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Queen helped change law to hide her ‘Embarrassing wealth’ from the Public

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Queen helped change law to hide her ‘Embarrassing wealth’ from the Public


According to records obtained by the Guardian, the Queen successfully persuaded the government to alter a proposed legislation in the 1970s in order to hide her “embarrassing” private riches from the public.

Her Majesty’s attorneys are reported to have pushed ministers to change provisions in a proposed Companies Bill.

According to the newspaper, when the Queen intervened, the government changed the draft bill to add a new provision exempting companies employed by “heads of state”—including the monarch—from new transparency laws. This provision allegedly allowed the Queen to conceal her interests and shareholdings in a “state-backed shell corporation.”

A spokesperson at Buckingham Palace, however, denied that the Queen had interfered.

“Queen’s Consent is a parliamentary process, with the role of sovereign being purely formal,” she said.

“Consent is always granted by the monarch where requested by government. Any assertion that the sovereign has blocked legislation is simply incorrect.


“Whether Queen’s Consent is required is decided by Parliament, independently from the Royal Household, in matters that would affect Crown interests, including personal property and personal interests of the monarch.

“If consent is required, draft legislation is, by convention, put to the sovereign to grant solely on advice of ministers and as a matter of public record.”

Her actual net worth has never been revealed, although it is believed to be in the hundreds of millions of pounds.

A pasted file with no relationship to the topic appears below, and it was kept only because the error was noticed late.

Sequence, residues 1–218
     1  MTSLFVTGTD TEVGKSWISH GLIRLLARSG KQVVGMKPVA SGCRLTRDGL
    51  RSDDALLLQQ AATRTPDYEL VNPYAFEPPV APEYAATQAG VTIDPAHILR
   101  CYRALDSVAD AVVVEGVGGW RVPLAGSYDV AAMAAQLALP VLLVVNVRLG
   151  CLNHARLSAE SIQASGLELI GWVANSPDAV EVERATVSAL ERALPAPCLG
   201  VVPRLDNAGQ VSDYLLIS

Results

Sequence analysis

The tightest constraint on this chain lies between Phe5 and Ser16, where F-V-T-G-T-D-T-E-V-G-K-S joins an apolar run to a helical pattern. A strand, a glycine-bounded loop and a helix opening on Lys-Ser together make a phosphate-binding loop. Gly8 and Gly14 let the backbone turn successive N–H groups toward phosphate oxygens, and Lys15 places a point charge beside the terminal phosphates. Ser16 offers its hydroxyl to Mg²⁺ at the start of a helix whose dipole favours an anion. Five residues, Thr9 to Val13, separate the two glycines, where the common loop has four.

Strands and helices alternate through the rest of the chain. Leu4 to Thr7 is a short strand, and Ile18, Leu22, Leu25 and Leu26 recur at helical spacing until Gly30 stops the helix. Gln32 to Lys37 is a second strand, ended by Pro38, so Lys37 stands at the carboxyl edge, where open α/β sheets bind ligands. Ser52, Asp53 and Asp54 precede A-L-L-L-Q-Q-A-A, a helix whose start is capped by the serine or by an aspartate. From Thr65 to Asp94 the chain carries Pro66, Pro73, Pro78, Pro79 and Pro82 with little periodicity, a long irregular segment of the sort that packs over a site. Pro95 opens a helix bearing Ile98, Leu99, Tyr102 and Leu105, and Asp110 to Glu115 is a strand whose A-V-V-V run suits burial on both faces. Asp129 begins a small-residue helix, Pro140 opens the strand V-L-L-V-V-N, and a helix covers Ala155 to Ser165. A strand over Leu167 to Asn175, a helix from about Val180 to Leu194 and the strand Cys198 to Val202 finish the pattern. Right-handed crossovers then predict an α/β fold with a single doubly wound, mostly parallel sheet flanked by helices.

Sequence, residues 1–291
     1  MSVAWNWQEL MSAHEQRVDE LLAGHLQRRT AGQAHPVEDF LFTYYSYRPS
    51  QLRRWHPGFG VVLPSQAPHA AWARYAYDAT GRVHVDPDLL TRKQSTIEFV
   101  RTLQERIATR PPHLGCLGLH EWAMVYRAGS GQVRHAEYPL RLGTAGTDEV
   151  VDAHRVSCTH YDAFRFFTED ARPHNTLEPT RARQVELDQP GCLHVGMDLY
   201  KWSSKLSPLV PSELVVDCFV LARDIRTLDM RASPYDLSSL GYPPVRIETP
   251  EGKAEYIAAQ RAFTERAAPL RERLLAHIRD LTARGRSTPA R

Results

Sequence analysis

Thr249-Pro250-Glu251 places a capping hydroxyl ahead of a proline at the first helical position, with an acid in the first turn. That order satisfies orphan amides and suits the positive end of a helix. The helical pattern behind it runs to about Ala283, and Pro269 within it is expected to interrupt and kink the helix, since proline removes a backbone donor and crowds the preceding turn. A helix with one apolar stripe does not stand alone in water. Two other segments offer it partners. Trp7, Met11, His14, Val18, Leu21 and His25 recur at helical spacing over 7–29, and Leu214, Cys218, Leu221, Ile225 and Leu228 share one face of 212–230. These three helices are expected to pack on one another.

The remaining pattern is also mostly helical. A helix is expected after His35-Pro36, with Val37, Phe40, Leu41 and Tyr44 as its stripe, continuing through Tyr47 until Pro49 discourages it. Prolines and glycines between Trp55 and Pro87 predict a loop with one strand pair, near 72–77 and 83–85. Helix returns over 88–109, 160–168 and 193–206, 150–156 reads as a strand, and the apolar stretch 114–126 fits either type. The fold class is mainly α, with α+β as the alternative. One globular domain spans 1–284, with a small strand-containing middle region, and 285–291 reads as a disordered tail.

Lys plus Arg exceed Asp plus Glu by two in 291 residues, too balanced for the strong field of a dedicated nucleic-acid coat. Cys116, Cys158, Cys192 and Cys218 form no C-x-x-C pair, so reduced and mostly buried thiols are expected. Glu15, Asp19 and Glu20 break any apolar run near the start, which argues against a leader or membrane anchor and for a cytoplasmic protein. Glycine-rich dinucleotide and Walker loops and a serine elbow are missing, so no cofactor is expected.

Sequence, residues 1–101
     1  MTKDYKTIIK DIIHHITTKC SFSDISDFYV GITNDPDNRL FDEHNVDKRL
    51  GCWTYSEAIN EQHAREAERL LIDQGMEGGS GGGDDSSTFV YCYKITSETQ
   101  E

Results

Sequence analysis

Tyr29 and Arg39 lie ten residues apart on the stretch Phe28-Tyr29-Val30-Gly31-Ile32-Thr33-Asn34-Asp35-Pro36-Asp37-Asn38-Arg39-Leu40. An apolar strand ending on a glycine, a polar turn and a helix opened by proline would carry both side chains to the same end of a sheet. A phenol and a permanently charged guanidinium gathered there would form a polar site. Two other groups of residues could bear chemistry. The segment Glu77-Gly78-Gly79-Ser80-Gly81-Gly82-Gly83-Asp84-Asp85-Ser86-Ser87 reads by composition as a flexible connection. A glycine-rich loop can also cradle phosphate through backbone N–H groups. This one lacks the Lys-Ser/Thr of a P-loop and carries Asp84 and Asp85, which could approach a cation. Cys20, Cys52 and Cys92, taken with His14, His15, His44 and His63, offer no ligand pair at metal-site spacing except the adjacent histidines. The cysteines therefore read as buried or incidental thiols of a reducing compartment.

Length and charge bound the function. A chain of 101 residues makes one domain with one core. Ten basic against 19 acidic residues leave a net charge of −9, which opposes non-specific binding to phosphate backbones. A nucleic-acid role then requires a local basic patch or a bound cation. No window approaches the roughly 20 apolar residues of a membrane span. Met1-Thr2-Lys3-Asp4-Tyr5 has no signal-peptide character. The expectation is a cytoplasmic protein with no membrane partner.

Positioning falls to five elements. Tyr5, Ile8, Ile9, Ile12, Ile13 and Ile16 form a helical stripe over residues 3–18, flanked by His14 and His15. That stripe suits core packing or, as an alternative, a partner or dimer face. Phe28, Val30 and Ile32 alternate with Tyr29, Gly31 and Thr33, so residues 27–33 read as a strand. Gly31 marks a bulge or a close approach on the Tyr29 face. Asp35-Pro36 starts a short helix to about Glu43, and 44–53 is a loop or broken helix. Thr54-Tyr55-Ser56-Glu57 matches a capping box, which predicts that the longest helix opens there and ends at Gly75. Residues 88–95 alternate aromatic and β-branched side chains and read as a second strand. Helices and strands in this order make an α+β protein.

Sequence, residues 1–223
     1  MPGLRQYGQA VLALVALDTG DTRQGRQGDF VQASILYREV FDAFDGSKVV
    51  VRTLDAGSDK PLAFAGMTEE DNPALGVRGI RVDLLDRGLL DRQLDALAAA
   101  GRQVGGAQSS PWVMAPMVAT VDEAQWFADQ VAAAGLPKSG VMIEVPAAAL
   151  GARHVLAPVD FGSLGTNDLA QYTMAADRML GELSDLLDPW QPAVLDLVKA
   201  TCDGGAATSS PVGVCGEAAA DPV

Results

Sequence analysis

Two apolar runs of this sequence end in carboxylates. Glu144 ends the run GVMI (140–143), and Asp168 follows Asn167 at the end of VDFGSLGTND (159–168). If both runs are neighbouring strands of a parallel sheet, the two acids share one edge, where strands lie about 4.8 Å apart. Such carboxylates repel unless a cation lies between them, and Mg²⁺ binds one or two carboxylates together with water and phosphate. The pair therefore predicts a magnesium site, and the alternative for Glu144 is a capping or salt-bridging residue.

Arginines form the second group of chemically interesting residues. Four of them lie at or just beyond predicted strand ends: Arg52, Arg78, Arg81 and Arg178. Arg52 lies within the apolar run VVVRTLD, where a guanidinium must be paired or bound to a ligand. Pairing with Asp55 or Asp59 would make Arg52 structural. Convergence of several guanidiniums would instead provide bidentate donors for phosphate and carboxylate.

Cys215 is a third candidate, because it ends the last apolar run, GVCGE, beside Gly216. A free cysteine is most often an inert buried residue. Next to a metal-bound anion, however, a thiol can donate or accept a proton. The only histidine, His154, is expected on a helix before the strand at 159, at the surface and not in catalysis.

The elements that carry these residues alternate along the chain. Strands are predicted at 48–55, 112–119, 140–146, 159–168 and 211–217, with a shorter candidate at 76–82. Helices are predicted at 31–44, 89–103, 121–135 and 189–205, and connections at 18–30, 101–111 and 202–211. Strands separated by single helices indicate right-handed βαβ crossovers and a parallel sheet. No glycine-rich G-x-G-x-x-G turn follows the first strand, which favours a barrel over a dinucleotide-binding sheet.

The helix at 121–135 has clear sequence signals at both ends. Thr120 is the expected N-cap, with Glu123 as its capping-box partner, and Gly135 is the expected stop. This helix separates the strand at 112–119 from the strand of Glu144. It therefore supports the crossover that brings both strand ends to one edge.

On one hand, she is notoriously thrifty, staying warm with a £30 electric heater and using the same kind of £7.99 nail lacquer for decades. On the other hand, enormously rich, with a portfolio that includes everything from pieces of art and diamonds to wind farms and thoroughbred racing horses.

The Queen’s involvement was found when examining her use of a legislative process known as “Queen’s consent,” which “requires ministers to alert the Queen when legislation might affect either the royal prerogative or the private interests of the crown.” According to the publication, the Queen and her attorneys used the process to “secretly lobby” for modifications to draft legislation that might harm her.

According to the newspaper, at the time, a civil servant noted that the lawyer’s clients were “concerned” about the possibility of exposure to business directors, shareholders, and the general public, and that “disclosure to any person would be embarrassing”

Unlike the more well-known royal assent process, which marks the moment when a measure becomes law, the Queen’s consent is required before legislation can be passed by parliament.

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